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Food and travel writer Liz Edwards is the former features editor of Sunday Times Travel. On a recent trip to Hong Kong she found a tranquil world beyond the city's frenetic work-hard-play-hard culture

When is a stopover not a stopover? I’d always had HK down as the perfect journey-breaker – touch down, 20-odd minutes into town for a spree of dim sum, shopping, city sights and neon nights, then off again. But an old pal’s move to the former colony prompted me to stay longer, look closer, explore further. And what do you know? Just beyond the centre I found a low-rise world of beaches, monasteries and open countryside. Turns out this stopover is also a terrific stay-put.

The beach village

First impressions of Hong Kong Island make it hard to believe there’s a square-inch undeveloped; towers troop down from peaks to water’s edge. In the southeast corner, though – just 15 minutes’ bus ride from the tube station – biscuit-crumb beaches match Thailand’s finest. At Shek O, the sand curves with a flourish between leaf-shaded, barefoot cafes and craggy, shrubby slopes. Barbecue pits and shower blocks make beach-life easy for city-based weekenders, but I love it for the weekday hush. Men clack mah jong tiles in the village, while by the sea, kids furrow brows over elaborate sand sculptures. Paragliders wheel overhead with sea eagles, and around barnacled rocks is all the splashing room I could wish for.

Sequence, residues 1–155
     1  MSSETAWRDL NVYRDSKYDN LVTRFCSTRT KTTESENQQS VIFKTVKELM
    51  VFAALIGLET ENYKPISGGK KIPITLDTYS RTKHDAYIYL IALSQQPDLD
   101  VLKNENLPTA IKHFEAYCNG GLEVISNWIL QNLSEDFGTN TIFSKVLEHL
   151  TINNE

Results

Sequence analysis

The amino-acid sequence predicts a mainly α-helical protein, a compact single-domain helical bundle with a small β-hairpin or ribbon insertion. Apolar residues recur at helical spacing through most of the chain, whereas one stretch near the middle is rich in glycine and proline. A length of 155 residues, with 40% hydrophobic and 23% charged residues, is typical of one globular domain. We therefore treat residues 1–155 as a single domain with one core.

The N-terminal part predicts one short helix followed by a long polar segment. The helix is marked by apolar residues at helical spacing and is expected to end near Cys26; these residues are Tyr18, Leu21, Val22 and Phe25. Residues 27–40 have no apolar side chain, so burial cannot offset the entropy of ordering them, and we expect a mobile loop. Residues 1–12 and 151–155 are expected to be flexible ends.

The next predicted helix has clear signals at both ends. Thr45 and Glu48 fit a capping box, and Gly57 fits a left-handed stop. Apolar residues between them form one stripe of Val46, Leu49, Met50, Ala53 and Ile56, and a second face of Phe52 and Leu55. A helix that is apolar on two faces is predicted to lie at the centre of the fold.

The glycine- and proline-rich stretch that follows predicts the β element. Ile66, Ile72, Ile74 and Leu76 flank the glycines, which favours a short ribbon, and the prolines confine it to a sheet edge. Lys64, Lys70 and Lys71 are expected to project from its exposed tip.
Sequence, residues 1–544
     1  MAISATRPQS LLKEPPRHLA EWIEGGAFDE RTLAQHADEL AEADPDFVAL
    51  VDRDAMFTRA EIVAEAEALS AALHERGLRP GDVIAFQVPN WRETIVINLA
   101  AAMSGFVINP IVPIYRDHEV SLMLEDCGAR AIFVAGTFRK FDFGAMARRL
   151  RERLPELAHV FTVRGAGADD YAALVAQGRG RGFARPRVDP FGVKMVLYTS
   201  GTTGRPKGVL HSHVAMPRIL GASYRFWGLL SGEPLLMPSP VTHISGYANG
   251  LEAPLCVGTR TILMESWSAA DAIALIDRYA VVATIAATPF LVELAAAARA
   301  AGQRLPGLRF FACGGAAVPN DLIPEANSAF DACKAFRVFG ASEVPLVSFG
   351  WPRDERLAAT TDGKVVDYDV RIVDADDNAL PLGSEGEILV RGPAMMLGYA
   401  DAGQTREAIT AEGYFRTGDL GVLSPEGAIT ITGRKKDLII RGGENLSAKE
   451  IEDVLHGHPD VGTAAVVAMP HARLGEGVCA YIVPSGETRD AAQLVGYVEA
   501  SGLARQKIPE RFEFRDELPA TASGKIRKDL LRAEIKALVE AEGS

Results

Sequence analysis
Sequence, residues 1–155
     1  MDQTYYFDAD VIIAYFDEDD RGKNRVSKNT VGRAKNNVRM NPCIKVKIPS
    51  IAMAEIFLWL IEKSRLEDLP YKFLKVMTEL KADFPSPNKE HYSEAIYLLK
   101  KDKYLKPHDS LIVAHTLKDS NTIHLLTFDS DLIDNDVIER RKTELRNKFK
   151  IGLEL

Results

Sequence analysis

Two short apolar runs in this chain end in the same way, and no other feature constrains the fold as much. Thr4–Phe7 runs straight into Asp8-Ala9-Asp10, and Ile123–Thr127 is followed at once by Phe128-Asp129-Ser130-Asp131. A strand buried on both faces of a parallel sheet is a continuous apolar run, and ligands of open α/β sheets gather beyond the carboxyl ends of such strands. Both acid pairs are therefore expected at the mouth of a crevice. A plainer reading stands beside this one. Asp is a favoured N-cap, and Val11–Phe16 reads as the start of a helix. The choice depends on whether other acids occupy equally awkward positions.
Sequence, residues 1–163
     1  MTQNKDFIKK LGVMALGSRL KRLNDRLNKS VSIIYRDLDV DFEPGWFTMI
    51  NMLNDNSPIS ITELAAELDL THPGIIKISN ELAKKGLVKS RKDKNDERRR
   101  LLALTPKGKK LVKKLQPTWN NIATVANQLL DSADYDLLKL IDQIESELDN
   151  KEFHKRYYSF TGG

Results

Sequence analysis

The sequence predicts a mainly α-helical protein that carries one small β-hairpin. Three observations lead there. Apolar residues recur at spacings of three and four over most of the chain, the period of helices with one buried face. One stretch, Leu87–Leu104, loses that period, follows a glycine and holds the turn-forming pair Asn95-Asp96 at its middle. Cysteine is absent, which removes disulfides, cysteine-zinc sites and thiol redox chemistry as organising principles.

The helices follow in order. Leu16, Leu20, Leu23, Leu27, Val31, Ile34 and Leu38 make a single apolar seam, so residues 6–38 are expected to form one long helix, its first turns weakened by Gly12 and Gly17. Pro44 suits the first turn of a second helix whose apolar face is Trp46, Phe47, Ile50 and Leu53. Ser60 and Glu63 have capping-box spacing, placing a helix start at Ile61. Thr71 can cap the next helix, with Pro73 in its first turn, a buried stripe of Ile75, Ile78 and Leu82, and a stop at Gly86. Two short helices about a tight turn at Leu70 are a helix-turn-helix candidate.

The monastery

The presence of some of the world’s biggest brands means much of central HK feels global first, Chinese second. But a few mainland tube stops north, up near Sha Tin’s racecourse at the Ten Thousand Buddhas Monastery, the Middle Kingdom feels a touch nearer. Making up the Buddha count, man-size statues spill down the hillside path; flesh-and-blood nuns and camera-toting civilians puff upwards past Buddhas of every shade – fat, thin, jolly, fierce, serene – female, even. At the top, pagodas and pavilions thrum with fortune-telling and the rattle of devotional sticks. Homage paid, worshippers throng the canteen with its wonderfully carnivore-friendly, meat-free menu – ‘veggie spareribs’, ‘deep-fried taro (in fish shape)’, ‘veggie chicken and veggie fin soup’. Not so global now…

The seaside town

The old pal who pointed me beyond the skyscrapers was preaching what she practises; home is among baize-upholstered hills on the clean, green, eastern coast. HK families seeking Sunday R&R come out this way, especially to Sai Kung, a seaside town and prime strolling territory. Fishermen sell their net-fresh catch pierside, and the seafront is chocka with restaurants where bubbling fish tanks are the menu; extend an index finger and you’ve placed your order. In the iron-balconied Old Town, women sit wrapping pork dumplings; a shrine wisps the air with incense; old men preside from shop doorways. The trad sell dried fish or paper money, the mod, poodle costumes or designer tablemats. And not a building over four storeys high.

Photo by Getty Images

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